Failings in the state’s ambulance services have again been laid bare, with a report showing alarming numbers.
Victoria’s ambulance services failed to meet response time targets months after a woman was found dead in her Melbourne home following hours waiting for paramedics, a report has revealed.
The Ambulance Victoria annual report, published on Thursday, said while the service had overperformed in some areas, critical ambulance response times continued to lag behind targets.
Paramedics responded to 77.2 per cent of Code 1 incidents within 15 minutes, when the target was 85 per cent, and for the most critical Priority Zero incidents, ambos responded earlier than the target of 13 minutes 81.1 per cent of the time, falling short of the 85 per cent target.
“Various obstacles such as volume of demand, case time increases and constrained unit availability made achieving … (targets) increasingly difficult,” the service’s chief executive and chair wrote in the report.
“The easing of restrictions towards the end of 2020 saw demand increase across the health system, placing significant pressure on emergency departments and waiting times for ambulance crews and their patients.”
Ambulance Victoria has come under intense scrutiny in recent months after slow ambulance response times were aired publicly.
The issue became further pronounced after a 32 year-old woman was found dead in her Caulfield North home more than six hours after she called triple zero reporting numbness and feeling light-headed.
Health advocates described the death as a casualty of an overburdened system and the Victorian government funnelled $750m into the service in May.
The service has since developed an ambulance improvement plan to address the issue but there continues to be concern Victorians’ lives are being placed at risk.
During question time in the Victorian parliament on Thursday, opposition leader Matthew Guy questioned why the service continually failed to reach its targets.
State Health Minister Martin Foley said demand for the service had skyrocketed as a result of deferred care, with the pressures of the pandemic adding further strain to the system.
“We have seen those employees put in extraordinary efforts over the last 21 months under the most difficult of circumstances,” Mr Foley said.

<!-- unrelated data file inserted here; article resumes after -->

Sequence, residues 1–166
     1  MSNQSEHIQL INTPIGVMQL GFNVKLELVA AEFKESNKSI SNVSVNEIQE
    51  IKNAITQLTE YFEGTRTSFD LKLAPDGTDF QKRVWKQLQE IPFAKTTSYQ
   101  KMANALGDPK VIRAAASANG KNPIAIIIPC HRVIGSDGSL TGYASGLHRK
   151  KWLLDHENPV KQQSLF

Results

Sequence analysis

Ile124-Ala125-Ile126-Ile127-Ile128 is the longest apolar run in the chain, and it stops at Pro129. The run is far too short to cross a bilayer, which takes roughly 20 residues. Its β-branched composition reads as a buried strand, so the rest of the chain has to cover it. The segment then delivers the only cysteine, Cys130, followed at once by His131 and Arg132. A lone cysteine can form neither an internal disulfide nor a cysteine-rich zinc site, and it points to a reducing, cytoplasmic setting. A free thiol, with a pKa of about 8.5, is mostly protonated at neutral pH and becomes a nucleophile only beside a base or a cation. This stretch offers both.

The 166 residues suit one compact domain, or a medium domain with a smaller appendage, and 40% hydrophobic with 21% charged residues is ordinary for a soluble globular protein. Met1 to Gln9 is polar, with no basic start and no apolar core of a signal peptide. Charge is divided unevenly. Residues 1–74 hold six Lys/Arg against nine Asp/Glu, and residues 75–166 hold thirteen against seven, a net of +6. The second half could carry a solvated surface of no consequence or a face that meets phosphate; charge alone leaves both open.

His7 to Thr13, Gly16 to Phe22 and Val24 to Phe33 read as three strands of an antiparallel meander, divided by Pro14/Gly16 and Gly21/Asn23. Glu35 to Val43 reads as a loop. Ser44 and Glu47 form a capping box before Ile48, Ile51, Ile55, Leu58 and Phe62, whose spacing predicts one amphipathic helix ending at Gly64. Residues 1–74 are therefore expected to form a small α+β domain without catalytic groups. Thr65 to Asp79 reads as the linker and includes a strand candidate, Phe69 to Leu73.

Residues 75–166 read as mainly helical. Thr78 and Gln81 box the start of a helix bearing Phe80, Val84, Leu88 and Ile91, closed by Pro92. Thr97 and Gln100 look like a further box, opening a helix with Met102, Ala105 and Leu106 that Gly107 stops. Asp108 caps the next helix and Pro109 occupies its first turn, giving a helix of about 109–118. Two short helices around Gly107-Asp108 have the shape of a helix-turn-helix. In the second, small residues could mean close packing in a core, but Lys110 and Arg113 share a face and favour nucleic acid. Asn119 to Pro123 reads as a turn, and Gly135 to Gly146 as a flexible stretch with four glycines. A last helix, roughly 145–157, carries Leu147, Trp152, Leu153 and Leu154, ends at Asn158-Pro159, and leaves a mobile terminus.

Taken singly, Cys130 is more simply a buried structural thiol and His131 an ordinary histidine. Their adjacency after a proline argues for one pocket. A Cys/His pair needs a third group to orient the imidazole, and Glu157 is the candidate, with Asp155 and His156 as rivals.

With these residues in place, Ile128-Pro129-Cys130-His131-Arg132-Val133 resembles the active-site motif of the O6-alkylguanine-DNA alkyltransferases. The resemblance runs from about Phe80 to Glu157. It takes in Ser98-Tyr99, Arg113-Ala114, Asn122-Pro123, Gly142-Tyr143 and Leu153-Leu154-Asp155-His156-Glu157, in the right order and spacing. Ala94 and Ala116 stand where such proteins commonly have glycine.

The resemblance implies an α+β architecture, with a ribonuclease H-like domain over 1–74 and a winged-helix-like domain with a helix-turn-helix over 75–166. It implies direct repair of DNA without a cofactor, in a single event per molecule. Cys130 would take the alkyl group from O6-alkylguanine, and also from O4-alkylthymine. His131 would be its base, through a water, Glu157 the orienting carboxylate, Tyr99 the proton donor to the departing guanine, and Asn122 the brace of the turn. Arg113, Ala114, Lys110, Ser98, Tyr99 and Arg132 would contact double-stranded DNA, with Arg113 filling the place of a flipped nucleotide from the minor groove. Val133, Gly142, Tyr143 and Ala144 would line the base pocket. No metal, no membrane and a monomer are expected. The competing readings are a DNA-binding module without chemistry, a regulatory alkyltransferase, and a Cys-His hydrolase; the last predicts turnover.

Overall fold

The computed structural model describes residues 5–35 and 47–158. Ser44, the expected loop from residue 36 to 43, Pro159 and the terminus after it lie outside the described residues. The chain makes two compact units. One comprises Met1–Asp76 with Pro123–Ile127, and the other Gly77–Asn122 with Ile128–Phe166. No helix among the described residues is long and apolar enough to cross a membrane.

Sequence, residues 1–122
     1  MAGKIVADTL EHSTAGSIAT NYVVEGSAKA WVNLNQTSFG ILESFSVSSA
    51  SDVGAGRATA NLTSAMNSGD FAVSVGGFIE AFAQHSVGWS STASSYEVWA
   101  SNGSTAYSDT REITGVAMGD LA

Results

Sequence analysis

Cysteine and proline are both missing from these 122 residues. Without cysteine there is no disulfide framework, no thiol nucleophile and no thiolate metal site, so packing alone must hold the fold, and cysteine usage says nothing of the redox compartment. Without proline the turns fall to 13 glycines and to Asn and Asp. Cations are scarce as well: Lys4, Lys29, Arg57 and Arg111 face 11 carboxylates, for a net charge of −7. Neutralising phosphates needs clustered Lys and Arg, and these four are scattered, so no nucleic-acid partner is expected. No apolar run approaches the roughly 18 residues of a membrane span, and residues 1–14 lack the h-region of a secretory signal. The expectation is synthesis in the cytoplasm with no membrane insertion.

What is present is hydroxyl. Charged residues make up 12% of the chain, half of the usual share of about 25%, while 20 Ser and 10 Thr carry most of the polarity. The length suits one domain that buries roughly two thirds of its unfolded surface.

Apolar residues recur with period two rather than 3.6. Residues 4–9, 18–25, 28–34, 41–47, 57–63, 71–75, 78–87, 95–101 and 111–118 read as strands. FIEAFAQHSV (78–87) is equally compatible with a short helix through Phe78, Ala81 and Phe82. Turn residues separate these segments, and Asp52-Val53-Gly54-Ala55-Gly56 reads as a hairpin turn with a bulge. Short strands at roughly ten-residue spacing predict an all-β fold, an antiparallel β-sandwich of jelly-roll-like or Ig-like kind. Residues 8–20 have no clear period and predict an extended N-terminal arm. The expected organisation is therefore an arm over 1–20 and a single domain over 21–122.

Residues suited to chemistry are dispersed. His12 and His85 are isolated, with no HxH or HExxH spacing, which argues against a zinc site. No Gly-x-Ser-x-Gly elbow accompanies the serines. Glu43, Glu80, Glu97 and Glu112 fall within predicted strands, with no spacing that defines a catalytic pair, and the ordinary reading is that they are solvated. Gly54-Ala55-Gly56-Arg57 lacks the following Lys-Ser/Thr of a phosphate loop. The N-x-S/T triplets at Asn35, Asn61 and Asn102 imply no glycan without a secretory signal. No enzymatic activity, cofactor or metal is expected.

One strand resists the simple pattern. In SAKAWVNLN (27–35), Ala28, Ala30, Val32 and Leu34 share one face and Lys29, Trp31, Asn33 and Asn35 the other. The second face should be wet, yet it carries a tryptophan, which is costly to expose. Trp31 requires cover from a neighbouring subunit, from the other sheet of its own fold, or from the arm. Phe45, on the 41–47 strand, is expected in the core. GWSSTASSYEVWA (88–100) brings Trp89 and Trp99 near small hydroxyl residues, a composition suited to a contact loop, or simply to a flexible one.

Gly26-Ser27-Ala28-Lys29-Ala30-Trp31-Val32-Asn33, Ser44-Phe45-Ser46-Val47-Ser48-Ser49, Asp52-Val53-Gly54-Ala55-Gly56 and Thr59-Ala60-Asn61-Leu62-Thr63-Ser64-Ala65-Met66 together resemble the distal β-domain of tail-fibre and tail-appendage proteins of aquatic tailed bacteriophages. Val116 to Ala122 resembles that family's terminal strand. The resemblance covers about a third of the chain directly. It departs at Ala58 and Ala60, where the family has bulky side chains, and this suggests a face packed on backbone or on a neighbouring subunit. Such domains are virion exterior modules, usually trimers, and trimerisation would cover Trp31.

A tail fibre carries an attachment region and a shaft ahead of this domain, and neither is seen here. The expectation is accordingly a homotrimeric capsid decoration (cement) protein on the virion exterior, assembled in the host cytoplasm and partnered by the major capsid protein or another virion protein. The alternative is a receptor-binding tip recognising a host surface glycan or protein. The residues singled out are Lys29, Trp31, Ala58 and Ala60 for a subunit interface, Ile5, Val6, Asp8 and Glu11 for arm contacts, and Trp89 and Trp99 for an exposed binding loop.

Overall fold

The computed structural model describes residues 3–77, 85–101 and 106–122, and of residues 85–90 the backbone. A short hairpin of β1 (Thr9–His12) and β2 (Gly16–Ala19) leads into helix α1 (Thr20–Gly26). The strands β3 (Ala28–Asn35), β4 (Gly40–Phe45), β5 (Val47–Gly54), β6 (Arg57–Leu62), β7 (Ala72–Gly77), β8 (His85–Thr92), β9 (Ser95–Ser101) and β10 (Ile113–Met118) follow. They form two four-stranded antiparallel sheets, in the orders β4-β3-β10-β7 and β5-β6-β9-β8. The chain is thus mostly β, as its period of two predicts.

“We have seen a basis of deferred care across a whole range of areas absolutely skyrocket and as a result we have seen ambulance response times decline in performance.”
My Foley also called on the federal government to spend more money on the state’s healthcare system.
“I look forward, when this global pandemic is out of the way, to get into a space partnering with Ambulance Victoria, with paramedics, to get us back to that world-class standard.”
As part of a massive document drop through the Victorian parliament on Thursday, flaws in the state’s mental health system were also highlighted.
Despite the royal commission highlighting major problems with the system earlier this year, and the government committing to address them, complaints within public mental health facilities continued to rise.
In the Mental Health Complaints Commission’s report, 2286 complaints to the service were reported.
There were disturbing stories from patients, with one complaining about being mechanically restrained to a point they were in pain, and being left and ignored by staff for several hours.
A second patient with Covid told the commission they were placed into isolation for 24 hours in “extremely distressing” circumstances and felt ignored by staff.
Despite a high acknowledgment of the complaints within public health services, the commission wrote there had been no significant change to them in 98 per cent of cases.
Following the release of the royal commission’s final report, Mr Foley said the government was working hard to change the mental health system by funnelling millions of dollars into the sector.
“Reforming our mental health system in Victoria and nationally is now more important than ever, as more people reach out for help following the impacts of the coronavirus pandemic,” he said.
“This is the best chance that all levels of government will have to not only flatten the next curve of mental ill health but to build a better system for the long-term that will ultimately save lives.”